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Supreme Court’s Judgment Ignores Lived Reality of Married Women

This article was earlier published in the EPW website.Flavia Agnes (flaviaagnes@gmail.com) is a women’s rights lawyer and director of Majlis, which runs a rape victim support programme in Mumbai.

The judgment of the Supreme Court in Rajesh Sharma v State of UP delivered on 27 July 2017 seems to convey that the violence inflicted upon women is a mere figment of their imagination and that cases registered under the anti-dowry law—Section 498A—of the Indian Penal Code (IPC) are false. Further, it implies that women are irrational beings. Without weighing the implications of their actions, in the heat of the moment, they file false complaints of cruelty and dowry demands. Later, when reality dawns they want to retract and save their marriages. But by then it is too late, the marriage is broken irretrievably. Mind you, the marriage does not break because the husband’s family demands dowry, humiliates the woman or throws her out of the matrimonial home. The only reason that marriages break, according to our judges, is because the wife approaches the police and files a complaint. Adding insult to injury, the judges proclaim that the guidelines issued by them to the police not to arrest the accused until a family welfare committee investigates the case and sends in a report will be beneficial to the wife.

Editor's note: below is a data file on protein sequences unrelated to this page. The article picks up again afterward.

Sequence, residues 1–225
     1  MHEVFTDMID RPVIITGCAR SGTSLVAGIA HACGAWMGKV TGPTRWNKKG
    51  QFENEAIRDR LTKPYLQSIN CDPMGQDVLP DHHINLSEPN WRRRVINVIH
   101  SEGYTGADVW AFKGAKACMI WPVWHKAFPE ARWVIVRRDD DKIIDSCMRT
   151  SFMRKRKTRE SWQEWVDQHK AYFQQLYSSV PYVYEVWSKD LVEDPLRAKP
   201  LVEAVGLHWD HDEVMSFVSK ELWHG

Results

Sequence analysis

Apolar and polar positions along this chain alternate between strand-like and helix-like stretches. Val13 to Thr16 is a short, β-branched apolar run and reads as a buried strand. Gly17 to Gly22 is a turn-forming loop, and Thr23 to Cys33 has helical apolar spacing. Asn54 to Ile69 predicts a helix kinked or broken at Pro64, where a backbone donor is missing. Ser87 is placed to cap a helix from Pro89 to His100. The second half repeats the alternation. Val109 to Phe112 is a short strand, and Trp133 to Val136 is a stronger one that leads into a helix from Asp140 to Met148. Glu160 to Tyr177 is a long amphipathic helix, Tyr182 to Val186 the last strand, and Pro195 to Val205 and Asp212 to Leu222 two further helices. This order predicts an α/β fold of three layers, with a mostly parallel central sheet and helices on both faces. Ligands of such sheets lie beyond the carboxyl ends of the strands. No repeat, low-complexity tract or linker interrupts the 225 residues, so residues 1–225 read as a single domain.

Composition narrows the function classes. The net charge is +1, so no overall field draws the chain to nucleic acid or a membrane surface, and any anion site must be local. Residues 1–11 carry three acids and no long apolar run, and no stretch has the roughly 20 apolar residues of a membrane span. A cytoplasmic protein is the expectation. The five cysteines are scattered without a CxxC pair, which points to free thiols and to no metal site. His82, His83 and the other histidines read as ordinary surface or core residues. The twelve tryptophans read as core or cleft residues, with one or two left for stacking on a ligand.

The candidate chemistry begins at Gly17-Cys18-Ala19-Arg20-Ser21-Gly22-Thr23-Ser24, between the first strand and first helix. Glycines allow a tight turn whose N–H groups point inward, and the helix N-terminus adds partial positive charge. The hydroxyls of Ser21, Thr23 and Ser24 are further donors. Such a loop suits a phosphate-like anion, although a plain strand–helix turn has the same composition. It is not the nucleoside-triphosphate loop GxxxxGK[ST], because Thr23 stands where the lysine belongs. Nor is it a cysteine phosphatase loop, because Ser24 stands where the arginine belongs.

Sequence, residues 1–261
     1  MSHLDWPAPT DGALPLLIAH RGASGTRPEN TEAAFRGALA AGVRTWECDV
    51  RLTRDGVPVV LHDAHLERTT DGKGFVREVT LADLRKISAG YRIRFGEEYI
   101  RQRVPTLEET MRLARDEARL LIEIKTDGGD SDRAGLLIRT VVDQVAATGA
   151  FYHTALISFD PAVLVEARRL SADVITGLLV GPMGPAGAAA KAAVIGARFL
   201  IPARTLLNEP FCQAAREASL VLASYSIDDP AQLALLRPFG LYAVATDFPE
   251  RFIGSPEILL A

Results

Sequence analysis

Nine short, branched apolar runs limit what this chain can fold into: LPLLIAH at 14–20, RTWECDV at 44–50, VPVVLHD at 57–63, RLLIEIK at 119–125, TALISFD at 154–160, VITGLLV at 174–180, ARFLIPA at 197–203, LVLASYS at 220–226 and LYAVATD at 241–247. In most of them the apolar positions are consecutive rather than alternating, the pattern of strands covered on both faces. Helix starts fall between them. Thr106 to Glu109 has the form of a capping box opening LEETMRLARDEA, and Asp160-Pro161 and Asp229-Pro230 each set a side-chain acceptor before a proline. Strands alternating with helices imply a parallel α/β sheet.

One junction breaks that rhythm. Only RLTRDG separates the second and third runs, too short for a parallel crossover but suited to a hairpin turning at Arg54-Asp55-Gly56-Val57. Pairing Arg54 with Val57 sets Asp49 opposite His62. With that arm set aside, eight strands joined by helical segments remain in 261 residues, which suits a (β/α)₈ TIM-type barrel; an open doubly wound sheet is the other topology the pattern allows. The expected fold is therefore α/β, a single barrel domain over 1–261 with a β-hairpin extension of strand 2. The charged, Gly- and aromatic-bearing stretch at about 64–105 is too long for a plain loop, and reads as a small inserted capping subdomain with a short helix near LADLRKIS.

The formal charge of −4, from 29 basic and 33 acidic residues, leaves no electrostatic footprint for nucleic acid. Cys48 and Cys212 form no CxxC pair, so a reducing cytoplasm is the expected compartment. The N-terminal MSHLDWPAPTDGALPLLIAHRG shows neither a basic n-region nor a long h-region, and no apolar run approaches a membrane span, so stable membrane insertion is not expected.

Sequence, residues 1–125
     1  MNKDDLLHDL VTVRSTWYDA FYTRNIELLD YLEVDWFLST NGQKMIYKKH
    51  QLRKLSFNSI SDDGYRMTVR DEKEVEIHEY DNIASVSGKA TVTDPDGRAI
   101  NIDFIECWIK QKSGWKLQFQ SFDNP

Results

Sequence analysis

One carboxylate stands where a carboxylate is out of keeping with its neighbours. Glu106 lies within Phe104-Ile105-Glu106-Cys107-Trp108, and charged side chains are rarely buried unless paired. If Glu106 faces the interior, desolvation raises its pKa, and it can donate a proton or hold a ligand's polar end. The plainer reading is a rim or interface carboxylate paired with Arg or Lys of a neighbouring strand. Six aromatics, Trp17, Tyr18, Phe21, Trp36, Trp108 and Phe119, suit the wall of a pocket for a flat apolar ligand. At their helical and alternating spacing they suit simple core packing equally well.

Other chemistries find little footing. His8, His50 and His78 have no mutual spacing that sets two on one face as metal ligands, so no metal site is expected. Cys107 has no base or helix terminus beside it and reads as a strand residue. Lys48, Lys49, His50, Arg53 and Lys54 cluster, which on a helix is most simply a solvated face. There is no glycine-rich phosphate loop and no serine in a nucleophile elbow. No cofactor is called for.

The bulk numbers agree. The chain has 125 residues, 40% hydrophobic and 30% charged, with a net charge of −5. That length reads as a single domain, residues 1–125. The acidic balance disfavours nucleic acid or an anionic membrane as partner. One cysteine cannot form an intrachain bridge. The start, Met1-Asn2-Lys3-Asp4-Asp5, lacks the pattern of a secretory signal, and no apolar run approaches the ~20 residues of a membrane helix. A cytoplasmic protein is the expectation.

This narrative projected by our judges is totally out of tune with the lived realities of women. The experiences of several women’s organisations indicate that women approach the police as a last resort. This is because they, more than anyone else, are acutely aware that there are very few options open to them outside the marriage. Their natal families do not accept them. The government has failed to provide alternatives such as emergency shelters, halfway homes, subsidised housing, jobs for single women, prompt injunctions and maintenance orders, etc, as have been done in several other countries where the issue of domestic violence came out of its closeted existence in the 1970s and 1980s.

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